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Report: No Conclusive Evidence for Identity of Nord Stream Saboteur

Nord Stream pipeline gas leak on the surface off Bornholm
The Nord Stream attack ruptured three of the four pipelines and created the largest manmade release of methane in history (Swedish Coast Guard)

Published Dec 22, 2022 11:02 PM by The Maritime Executive

The mystery of the attack on the Nord Stream pipeline network is under investigation, but there are few clues to the identity of the perpetrator - and the case may never be solved, according to the Washington Post. 

When a sabotage attack ruptured three pipelines in the Nord Stream 1 and 2 gas complexes on Sept. 26, any sense of complacency Europe may have had about the security of subsea infrastructure evaporated, along with several hundred thousand tonnes of Russian natural gas. Several NATO member states quickly hinted (or stated) that they believe Russia to be the culprit - even though the Russian government was the majority owner of the pipeline and the gas inside it. 

The incident was clearly an intentional attack, and almost certainly required nation-state capabilities to carry out, investigators have said. Swedish investigative teams found traces of "explosive residue" and "foreign items" at the blast sites in Sweden's waters. “The investigation is extensive and complex and will eventually show whether anyone can be suspected of, and later prosecuted for this," the Swedish Security Service said in November.

Germany, Sweden and Denmark all have open investigations running into the circumstances of the blast, but so far, they have come up with little to tie the incident to Russia or any other party, two dozen different European security officials and diplomats have told the Post. 

“There is no evidence at this point that Russia was behind the sabotage,” one official said.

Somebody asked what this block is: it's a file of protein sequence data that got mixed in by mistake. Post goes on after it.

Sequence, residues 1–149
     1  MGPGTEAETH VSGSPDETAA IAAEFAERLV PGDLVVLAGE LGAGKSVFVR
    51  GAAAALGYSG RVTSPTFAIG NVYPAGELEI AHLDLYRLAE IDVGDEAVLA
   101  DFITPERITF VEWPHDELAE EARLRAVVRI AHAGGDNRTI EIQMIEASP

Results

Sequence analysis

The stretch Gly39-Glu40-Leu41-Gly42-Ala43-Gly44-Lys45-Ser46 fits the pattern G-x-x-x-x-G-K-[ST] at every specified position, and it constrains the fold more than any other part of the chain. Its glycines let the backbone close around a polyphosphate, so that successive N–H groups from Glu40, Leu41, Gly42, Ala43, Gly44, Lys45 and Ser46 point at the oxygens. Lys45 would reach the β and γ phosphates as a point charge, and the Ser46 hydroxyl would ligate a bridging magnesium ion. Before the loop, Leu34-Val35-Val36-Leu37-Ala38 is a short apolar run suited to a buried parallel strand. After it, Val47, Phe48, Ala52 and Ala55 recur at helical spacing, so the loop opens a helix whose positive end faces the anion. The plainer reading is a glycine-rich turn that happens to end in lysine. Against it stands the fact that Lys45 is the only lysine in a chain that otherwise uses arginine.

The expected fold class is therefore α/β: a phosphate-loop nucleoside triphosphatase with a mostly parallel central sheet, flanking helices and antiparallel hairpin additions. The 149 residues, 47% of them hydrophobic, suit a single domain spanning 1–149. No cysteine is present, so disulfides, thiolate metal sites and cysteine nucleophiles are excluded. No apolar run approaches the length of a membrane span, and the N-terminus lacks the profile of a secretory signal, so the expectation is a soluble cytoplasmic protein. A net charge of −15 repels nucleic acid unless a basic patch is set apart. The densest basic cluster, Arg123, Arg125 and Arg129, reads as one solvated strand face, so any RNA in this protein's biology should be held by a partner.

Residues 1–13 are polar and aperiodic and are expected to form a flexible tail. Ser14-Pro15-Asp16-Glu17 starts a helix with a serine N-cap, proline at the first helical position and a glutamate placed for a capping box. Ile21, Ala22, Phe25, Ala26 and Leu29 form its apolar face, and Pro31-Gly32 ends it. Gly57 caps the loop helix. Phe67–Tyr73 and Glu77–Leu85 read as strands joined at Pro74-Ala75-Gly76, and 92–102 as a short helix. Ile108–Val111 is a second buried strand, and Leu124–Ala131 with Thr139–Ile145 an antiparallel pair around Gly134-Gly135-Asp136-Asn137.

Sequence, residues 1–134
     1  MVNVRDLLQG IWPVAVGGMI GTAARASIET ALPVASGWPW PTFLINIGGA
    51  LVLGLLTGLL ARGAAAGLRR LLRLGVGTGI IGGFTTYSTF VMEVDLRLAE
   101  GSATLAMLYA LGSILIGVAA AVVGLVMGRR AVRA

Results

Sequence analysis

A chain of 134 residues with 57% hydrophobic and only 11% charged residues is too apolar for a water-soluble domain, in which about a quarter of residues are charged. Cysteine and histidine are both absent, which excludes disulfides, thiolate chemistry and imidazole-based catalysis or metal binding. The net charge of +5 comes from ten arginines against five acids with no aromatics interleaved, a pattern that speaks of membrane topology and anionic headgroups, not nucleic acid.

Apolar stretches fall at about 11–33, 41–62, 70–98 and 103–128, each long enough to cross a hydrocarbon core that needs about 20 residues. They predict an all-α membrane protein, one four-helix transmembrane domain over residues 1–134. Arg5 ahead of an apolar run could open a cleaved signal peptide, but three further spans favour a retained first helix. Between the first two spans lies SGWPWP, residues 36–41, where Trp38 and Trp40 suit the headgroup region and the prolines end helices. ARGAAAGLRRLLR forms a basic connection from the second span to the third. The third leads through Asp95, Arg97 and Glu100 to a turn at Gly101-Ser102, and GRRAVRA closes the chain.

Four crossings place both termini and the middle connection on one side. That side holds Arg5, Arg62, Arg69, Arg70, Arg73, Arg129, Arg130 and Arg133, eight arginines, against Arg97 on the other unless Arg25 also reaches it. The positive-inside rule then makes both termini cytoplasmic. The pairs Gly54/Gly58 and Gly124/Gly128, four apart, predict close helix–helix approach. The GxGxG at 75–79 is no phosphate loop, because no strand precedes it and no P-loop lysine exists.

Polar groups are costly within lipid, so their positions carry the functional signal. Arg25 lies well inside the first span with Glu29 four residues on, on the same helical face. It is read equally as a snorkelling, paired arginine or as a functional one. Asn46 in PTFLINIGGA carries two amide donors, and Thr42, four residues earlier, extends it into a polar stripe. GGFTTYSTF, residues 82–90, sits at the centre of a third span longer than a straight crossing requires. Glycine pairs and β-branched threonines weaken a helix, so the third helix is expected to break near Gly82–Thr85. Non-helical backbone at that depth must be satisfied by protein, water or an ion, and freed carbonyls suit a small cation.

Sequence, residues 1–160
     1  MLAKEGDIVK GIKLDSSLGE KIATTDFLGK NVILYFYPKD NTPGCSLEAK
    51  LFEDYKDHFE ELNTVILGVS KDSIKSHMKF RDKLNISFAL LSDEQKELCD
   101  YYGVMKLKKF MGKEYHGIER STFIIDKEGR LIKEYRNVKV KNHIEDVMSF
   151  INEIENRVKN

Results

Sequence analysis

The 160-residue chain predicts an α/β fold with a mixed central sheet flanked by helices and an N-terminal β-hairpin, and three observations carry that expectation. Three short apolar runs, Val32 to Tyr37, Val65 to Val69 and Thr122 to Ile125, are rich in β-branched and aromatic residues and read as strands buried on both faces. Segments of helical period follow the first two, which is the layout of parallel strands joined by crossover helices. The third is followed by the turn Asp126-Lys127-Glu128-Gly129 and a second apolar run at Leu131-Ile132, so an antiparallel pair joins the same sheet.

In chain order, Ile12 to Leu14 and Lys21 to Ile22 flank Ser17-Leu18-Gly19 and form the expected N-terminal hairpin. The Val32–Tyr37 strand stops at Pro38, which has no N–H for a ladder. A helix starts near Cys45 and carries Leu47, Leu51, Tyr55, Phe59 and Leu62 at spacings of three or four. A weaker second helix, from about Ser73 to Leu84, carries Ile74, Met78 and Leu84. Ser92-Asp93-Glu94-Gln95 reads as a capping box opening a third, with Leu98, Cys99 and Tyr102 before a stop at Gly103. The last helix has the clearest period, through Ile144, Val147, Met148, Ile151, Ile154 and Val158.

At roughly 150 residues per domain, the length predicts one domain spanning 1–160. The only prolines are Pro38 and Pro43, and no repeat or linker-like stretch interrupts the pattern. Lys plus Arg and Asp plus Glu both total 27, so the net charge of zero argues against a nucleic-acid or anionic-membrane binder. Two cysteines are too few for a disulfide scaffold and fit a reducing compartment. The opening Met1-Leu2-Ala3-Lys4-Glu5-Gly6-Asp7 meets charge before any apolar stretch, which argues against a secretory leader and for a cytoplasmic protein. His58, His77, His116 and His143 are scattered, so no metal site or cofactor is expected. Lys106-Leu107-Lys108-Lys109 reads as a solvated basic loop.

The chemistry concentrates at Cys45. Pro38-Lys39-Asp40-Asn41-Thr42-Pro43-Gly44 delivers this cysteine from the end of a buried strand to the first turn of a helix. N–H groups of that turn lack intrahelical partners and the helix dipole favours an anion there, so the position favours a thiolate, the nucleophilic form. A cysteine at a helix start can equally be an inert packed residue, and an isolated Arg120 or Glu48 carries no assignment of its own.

Even if there were evidence, it might not reach the public. Information from within the three parallel investigations is classified and closely held; Sweden has even refused to start a formal joint inquiry with its German counterparts, citing national security interests. (That aversion may be due in part to counterintelligence concerns: just last week, a member of Germany's Foreign Intelligence Service was arrested and charged with passing information to Russian spies.) 

Given the ongoing war in Ukraine, the low levels of trust between Moscow and Europe, and Western suspicions that Russia may have been responsible for the blasts, European investigators have not allowed Russia to join the inquiry. The Kremlin has denounced the process and blamed the blast on its Western opponents, particularly Britain. The UK rejects these accusations. 

As for the pipelines, no decision has yet been made on whether to undertake any repairs. Both parallel systems had already been shut down for political reasons before the attack, and few expect energy ties between Russia and Europe to resume at previous levels. As a measure of the current Western opinion of the pipeline system, German justice minister Marco Buschmann has acknowledged that the construction of Nord Stream 2 was an enabling factor for the Russian invasion of Ukraine (as the U.S. and Eastern European states had long warned).

“Knowing what we do today, the decision to pursue Nord Stream 2 . . . was Germany’s contribution to the outbreak of the war," he said in an address in late November.